In The Wire (perhaps the best television program ever), a rogue Baltimore police major essentially legalizes drugs in certain parts of his district. The result: crime falls, public health agencies start treating drug addicts and offering preventive care/education, the police focus on serious crimes, and the accolades roll in from the public.
In the real world, drug legalization is about as popular with public officials as vegetables are with 4 year olds! But a few bold experiments with decriminalization have taken place, including one in Portugal that began in 2001. What have been the results? As the Boston Globe explains:
Faced with both a public health crisis and a public relations disaster, Portugal’s elected officials took a bold step. They decided to decriminalize the possession of all illicit drugs — from marijuana to heroin — but continue to impose criminal sanctions on distribution and trafficking. The goal: easing the burden on the nation’s criminal justice system and improving the people’s overall health by treating addiction as an illness, not a crime.
As the sweeping reforms went into effect nine years ago, some in Portugal prepared themselves for the worst. They worried that the country would become a junkie nirvana, that many neighborhoods would soon resemble Casal Ventoso, and that tourists would come to Portugal for one reason only: to get high.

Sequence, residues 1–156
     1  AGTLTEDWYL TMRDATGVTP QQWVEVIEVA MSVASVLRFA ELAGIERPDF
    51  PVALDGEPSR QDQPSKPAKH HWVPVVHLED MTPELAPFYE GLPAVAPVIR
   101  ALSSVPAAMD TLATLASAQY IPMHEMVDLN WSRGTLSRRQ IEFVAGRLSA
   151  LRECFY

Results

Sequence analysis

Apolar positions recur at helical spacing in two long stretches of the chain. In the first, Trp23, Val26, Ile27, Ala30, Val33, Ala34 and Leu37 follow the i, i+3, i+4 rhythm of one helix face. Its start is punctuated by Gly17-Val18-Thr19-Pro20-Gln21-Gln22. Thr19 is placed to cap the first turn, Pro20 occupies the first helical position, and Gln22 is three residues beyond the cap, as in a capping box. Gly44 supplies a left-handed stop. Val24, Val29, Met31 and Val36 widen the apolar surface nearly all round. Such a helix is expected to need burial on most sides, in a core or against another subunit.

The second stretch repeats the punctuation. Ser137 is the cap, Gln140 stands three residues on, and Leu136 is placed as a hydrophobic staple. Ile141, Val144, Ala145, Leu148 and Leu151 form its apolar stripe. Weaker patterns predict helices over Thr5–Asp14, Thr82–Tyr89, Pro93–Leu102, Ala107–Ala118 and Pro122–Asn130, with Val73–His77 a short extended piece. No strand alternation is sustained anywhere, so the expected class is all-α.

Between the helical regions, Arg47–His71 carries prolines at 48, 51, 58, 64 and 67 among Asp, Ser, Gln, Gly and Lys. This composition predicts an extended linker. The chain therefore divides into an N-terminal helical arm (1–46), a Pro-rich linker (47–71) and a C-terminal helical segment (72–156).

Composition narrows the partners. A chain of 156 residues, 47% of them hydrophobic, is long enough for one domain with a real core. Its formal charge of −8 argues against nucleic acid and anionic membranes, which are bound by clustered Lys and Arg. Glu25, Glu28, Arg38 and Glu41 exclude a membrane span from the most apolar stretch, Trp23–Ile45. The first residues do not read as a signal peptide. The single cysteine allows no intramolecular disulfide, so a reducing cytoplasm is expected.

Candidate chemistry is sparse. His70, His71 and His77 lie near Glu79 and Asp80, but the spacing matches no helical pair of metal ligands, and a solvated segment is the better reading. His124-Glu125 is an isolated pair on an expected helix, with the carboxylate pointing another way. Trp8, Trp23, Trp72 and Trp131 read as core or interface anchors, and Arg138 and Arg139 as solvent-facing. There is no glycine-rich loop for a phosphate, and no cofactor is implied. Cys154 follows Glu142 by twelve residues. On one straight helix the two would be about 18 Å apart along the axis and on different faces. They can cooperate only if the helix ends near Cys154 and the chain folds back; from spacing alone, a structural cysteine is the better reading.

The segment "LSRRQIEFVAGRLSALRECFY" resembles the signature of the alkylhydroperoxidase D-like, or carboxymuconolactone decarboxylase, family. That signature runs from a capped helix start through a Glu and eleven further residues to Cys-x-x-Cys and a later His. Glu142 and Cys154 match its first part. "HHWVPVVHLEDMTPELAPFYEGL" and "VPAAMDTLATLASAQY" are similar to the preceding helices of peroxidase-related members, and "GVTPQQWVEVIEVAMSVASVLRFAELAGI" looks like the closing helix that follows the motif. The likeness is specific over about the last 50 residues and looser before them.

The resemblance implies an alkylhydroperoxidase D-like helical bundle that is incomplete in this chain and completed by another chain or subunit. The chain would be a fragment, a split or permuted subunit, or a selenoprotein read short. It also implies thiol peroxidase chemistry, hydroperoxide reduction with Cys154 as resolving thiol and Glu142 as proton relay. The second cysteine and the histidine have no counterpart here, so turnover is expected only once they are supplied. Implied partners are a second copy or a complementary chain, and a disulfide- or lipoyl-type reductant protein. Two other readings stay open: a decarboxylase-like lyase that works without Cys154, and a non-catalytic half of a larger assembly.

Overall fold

But nearly a decade later, there’s evidence that Portugal’s great drug experiment not only didn’t blow up in its face; it may have actually worked. More addicts are in treatment. Drug use among youths has declined in recent years. Life in Casal Ventoso, Lisbon’s troubled neighborhood, has improved.
As one might expect, not everything has been rosy:
The number of Portuguese aged 15 to 64 who have ever tried illegal drugs has climbed from 7.8 percent in 2001 to 12 percent in 2007.
Despite the down side (assuming that such experimentation is a down side), the Portuguese approach looks like a positive improvement over the current American drug policy regime. As you might expect, the Cato Institute has been following this case too. Here is a “White Paper” by Glenn Greenwald on Portugal’s experiment; it contains a lot of interesting data worth examining.